» Posts Tagged ‘directors’

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Moonrise KingdomThere are very few filmmakers working today whose films are so heavily marked by their DNA, so much so that they’re recognizable to cinephiles and casual moviegoers alike. One of these filmmakers is Wes Anderson. Most people know a Wes Anderson movie when they see it; the distinguishing color palette, signature camera moves, the many, many overhead shots, but there is much, much more to be said about his visual themes. Nelson Carvajal peeks inside the director’s imaginative world in this excellent video that showcases some of Anderson’s best films, as well as voiceovers from interviews with the director in which he talks about his artistic sensibilities. More »

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The 2014 Academy Awards are now exactly two weeks away, which means advertisements, TV spots, interviews, and talk show appearances featuring nominated films and their actors are reaching their seasonal apices. But over at Keyframe, they’ve put together a video that pits each Best Director nominee against each other in a fight to see which one is most deserving of the Oscar. Continue on to take a closer look at the directorial styles, performances, and artistic approaches of some of the most talented directors working today. More »

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Auteurs of ChristmasMost of us know what a Chris Columbus and John Hughes holiday looks like: a crazy midwestern family, pizza-sized pancakes, and ill-fated road trips along a blizzard-worn highway. Both of these filmmakers managed to capture the spirit of the winter festivities, but in an entertaining little short, Fourgrounds Media asks the question, “What would the holidays look like through the eyes of some of cinema’s greatest auteurs?” Continue on to check out their pretty spot on response. More »

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Film Meets Art Christopher NolanFilmmakers draw their inspiration from absolutely everywhere — every experience they’ve had, place they’ve been, song they’ve heard. For some, obscure historical events triggers their creativity, while for others, it could be a simple photograph — the title character from Wes Anderson’s Rushmore, Max Fischer, was inspired by a photo by Jacques Henri Lartigue. The Tate Gallery in London has launched a fascinating series of videos entitled “Film meets Art” that asks prominent U.K. directors about which works of art from famous painters have inspired their films. More »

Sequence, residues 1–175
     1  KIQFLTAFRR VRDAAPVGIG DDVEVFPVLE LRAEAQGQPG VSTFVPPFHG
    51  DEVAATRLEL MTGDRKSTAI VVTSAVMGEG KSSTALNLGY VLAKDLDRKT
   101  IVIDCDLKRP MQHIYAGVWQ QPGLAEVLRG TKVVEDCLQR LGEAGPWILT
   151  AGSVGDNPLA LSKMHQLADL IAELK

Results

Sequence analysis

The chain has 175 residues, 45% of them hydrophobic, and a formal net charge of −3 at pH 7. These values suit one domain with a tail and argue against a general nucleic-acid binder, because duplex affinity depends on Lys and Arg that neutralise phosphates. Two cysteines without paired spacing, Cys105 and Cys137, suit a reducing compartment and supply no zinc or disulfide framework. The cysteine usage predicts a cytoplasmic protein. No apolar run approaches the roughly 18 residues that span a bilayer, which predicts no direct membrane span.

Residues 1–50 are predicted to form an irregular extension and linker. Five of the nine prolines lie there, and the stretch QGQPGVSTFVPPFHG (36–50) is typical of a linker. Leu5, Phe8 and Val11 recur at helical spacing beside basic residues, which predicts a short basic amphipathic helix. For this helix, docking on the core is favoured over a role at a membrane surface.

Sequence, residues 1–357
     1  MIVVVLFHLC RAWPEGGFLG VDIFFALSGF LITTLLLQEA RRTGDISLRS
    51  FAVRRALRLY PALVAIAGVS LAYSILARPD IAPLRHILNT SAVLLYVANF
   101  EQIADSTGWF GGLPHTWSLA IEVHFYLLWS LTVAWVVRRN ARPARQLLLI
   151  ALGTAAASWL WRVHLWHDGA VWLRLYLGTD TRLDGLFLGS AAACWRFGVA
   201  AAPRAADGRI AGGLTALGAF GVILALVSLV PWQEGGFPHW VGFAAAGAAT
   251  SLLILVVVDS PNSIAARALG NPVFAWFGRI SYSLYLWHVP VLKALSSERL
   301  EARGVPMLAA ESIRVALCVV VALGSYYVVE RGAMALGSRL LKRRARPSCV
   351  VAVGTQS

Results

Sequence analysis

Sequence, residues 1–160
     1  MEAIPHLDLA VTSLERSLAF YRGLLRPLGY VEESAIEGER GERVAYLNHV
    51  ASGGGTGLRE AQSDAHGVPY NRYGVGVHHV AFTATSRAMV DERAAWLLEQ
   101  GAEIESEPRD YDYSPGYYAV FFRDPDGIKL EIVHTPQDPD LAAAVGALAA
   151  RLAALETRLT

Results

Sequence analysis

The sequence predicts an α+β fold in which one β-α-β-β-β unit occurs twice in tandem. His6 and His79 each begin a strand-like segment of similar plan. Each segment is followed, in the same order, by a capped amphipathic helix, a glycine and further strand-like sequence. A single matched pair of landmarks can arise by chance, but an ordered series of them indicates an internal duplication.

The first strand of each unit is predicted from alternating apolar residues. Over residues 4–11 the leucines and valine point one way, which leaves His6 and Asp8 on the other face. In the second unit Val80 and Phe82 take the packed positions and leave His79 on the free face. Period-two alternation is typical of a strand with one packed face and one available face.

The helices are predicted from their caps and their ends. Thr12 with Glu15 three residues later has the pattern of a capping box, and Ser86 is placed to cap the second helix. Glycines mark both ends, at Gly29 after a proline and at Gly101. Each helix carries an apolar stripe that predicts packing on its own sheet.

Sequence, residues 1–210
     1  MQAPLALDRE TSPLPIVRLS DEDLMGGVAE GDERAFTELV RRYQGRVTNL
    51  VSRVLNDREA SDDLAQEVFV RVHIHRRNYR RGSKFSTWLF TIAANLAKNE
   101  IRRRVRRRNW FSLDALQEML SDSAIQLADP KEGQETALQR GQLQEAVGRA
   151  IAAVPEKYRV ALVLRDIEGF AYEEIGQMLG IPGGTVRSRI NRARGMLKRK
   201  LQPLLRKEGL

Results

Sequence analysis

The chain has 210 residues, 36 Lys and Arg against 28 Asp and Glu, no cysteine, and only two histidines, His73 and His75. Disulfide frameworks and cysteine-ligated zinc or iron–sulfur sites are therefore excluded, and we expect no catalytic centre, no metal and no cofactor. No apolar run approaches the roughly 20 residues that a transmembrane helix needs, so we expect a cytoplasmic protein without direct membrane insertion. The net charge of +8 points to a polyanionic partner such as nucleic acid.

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Federico FelliniThe term “master filmmaker” gets thrown around quite a bit, but I can say without hyperbole that Italian director Federico Fellini is in fact a master filmmaker. With so many classics to his name, including his masterpiece 8 1/2 (1963), which covers subject matter that is often thought to be impossible to do well, making a film, the flamboyant director has become one of the most celebrated filmmakers of all time. His cinematic worlds of good-natured fools, early neorealist screenplays, and carnivalesque studies of society and human nature, blend and war to form the universe in which Fellini’s unique sensibilities abide. More »

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Tarantino & SmithWhen thinking about the filmmakers that carried the torch for independent cinema in the 90s, the names that immediately come to mind are Quentin Tarantino and Kevin Smith (and Robert Rodriguez, of course.) Both directors offer great insight into what it means to man the helm of a film project, including the importance of communicating your vision, and what the job of a director is really all about. Continue on for this incredibly important video from filmschoolthrucommentaries. More »

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Scorsese Coppola from LIFE MagazineEvery once in a while the internet offers us a rare gem from the past, and today is one of those days. Circa 1997, Martin Scorsese and Francis Ford Coppola sat down with Geoffrey Gilmore, the then-director of the Sundance Film Festival to discuss their careers and their views on the future of filmmaking. Well, the future is here, and it’s cool to see that a couple of the century’s best filmmakers were spot on about the direction things are moving in. After the creative frenzy of the 70′s, described by Scorsese as “an atmosphere of making special movies,” United Artists collapsed. Maverick filmmakers like Scorsese and Coppola had to re-learn how to make movies, and on smaller budgets. Sound familiar? Hit the jump for the full 50-minute interview. More »